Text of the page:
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Remodeling of the Saccharomyces cerevisiae transcriptome in response to acetic acid Spriggs, Cherie N.

Abstract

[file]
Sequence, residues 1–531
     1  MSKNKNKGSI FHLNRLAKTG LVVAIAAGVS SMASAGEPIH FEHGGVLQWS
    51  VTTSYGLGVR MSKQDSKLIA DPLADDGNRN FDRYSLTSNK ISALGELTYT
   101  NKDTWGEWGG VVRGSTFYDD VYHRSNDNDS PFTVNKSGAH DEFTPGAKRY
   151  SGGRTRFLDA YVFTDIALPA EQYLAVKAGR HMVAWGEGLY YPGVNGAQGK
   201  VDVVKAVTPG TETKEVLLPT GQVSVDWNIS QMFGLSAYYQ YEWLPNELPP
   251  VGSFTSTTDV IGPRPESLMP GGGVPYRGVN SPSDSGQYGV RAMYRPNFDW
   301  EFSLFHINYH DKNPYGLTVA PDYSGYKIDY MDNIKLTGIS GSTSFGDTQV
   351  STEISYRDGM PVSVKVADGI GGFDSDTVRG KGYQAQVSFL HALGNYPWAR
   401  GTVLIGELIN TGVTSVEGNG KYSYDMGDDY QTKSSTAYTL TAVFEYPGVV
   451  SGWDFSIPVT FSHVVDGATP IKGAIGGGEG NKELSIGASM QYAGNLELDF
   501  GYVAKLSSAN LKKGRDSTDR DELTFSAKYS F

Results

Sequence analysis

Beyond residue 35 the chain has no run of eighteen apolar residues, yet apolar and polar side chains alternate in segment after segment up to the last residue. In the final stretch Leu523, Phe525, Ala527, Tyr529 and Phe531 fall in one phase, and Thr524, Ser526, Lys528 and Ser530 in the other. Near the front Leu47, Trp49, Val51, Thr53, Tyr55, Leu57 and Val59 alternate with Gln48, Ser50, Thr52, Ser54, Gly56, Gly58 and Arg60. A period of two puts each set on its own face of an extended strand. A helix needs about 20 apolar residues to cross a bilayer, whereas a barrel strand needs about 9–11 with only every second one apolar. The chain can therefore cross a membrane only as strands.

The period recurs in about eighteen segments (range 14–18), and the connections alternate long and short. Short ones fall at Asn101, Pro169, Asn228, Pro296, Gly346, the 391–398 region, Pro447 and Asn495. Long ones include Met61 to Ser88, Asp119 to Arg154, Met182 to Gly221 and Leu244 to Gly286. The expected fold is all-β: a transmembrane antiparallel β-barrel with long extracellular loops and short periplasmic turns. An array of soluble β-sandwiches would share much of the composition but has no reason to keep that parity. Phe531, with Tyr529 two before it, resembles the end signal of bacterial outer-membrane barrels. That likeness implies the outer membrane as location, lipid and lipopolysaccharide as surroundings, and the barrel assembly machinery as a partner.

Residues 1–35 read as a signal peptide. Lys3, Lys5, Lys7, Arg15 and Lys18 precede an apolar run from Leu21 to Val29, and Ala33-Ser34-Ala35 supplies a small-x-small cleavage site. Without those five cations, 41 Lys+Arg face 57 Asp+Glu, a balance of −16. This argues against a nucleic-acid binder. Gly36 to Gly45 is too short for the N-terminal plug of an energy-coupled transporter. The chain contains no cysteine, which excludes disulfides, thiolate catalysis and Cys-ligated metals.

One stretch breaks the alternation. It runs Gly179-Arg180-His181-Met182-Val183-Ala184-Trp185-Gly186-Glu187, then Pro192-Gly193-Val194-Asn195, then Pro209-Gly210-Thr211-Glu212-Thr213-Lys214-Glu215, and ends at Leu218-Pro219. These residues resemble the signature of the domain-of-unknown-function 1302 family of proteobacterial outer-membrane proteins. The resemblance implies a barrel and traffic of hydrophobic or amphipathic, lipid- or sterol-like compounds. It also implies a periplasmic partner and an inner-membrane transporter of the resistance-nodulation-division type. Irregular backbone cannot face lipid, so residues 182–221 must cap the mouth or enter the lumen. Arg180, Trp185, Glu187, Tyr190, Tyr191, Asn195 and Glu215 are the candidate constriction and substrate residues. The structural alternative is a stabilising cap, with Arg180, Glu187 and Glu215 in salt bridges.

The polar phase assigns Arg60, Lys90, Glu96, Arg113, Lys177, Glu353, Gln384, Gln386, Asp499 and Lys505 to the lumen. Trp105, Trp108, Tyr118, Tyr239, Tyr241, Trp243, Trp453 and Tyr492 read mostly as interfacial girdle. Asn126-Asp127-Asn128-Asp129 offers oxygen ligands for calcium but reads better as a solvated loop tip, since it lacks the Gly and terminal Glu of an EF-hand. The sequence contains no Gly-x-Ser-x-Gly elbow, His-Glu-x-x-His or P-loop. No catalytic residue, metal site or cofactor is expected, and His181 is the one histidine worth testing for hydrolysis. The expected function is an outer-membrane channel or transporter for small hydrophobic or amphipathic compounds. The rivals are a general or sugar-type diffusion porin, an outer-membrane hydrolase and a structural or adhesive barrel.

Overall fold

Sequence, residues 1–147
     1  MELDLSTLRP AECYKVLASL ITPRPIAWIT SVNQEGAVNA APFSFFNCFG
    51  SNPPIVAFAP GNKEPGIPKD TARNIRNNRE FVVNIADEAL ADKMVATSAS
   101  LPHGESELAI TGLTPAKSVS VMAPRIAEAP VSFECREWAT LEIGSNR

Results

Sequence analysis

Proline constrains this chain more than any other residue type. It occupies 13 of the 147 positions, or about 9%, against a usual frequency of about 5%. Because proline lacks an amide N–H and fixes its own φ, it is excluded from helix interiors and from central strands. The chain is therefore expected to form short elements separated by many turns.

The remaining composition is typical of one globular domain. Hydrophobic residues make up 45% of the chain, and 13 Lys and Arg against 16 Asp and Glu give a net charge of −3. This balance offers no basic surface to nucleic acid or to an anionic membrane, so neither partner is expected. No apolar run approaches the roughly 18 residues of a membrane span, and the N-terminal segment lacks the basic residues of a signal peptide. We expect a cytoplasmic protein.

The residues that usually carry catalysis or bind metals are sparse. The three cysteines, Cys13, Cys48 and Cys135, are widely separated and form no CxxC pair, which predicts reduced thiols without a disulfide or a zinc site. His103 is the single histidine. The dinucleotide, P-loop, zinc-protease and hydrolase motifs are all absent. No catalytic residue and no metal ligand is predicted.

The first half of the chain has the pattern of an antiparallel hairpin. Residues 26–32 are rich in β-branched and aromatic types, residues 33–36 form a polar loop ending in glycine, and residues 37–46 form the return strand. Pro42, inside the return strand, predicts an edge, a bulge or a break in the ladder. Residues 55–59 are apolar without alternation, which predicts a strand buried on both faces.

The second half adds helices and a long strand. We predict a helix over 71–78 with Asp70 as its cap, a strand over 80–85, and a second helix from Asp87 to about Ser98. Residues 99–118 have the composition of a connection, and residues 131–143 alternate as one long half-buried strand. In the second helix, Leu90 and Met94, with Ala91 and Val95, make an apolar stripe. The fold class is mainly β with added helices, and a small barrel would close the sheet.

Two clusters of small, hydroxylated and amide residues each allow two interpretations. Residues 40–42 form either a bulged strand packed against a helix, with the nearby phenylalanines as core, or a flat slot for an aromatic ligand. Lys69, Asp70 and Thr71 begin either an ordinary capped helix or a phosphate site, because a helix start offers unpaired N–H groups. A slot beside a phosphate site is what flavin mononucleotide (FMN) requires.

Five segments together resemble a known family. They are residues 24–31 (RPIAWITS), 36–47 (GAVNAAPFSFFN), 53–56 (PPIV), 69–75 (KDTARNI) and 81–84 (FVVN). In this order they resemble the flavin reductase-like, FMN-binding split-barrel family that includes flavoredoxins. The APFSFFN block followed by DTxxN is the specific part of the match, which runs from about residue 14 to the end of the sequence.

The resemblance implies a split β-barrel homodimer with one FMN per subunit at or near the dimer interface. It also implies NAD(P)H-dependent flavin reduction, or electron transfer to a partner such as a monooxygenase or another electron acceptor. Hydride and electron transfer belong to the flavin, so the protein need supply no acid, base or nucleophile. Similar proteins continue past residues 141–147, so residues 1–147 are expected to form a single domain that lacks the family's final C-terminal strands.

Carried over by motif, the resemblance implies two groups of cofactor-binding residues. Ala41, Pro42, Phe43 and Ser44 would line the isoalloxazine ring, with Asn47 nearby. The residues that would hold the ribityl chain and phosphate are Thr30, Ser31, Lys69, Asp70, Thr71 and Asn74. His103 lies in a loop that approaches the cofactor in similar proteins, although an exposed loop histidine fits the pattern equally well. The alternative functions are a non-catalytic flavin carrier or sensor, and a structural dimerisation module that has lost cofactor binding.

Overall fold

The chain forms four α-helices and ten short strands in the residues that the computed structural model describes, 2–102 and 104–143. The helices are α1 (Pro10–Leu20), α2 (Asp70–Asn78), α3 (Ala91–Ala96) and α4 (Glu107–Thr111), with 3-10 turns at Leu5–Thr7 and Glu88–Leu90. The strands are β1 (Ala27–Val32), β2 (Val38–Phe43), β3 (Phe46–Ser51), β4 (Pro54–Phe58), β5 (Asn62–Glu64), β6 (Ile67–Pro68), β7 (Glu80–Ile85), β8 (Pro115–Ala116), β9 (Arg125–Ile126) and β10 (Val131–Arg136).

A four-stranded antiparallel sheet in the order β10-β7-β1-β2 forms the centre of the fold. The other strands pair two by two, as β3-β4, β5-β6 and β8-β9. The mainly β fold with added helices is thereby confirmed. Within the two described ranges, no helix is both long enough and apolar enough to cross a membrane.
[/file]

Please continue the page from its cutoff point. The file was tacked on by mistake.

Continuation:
Sluggish or stuck wine fermentations occasionally occur in wineries and wines from these problem fermentations are susceptible to microbial spoilage and oxidation. Many factors, including the presence of acetic acid are correlated with these fermentations. The effect of acetic acid inhibition on the growth and fermentation rate of Saccharomyces cerevisiae has been well studied but mainly under laboratory conditions in media containing 1 % to at most 5 % glucose while shaking. These conditions are vastly different from wine-making conditions and we have a limited knowledge as to why stuck or sluggish fermentations occur. We used DNA microarray technology to investigate how 0.5, 1.5 or 3.0 g/L acetic acid affected the transcriptome of fermenting wine yeast after 20, 50 or 70 % of the sugars had been fermented. Global gene expression analyses revealed that when S. cerevisiae is under acetic acid stress, several metabolic processes are affected. The data collected after addition of 1.5 g/L acetic acid added at 20 % of the sugars were fermented show an up-regulation of PDR12 and PMA1 that encode ATP-dependent protein pumps to expel the weak acid anion and proton to prevent internal acidification. GLK1, TPS3, TSL1, TPS1, TPS2, NTH1, and NTH2 involved in trehalose metabolism were up-regulated as were GPD1, HOR2, and DAK1 involved in glycerol metabolism. Genes in sphingolipid metabolism including SUR2, LAC1, YPC1, SCS7 and DPL1 were up-regulated. The up-regulation of the genes in the TCA and electron transport chain even with 17.6 % (w/v) sugars remaining in the fermentation was surprising and might well be in response to an increased demand for ATP by the proton pumps. Genes involved in the general stress response including the transcription factors MSN2/4 were up-regulated as were 66 of 181 genes thought to be dependent on Msn2p/Msn4p. Electron microscopic studies of yeast cells exposed to acetic acid revealed a decrease in the number of autophagic bodies and autophagosomes as the length of exposure to acetic acid increased beyond 30 minutes. Data from remaining time points and acetic acid concentrations could not be grouped into known metabolic pathways. Our data have provided new insights into how yeast cells respond to acetic acid stress and also has potential to further our understanding of sluggish and stuck alcoholic fermentations that could prevent or minimize these problem fermentations.

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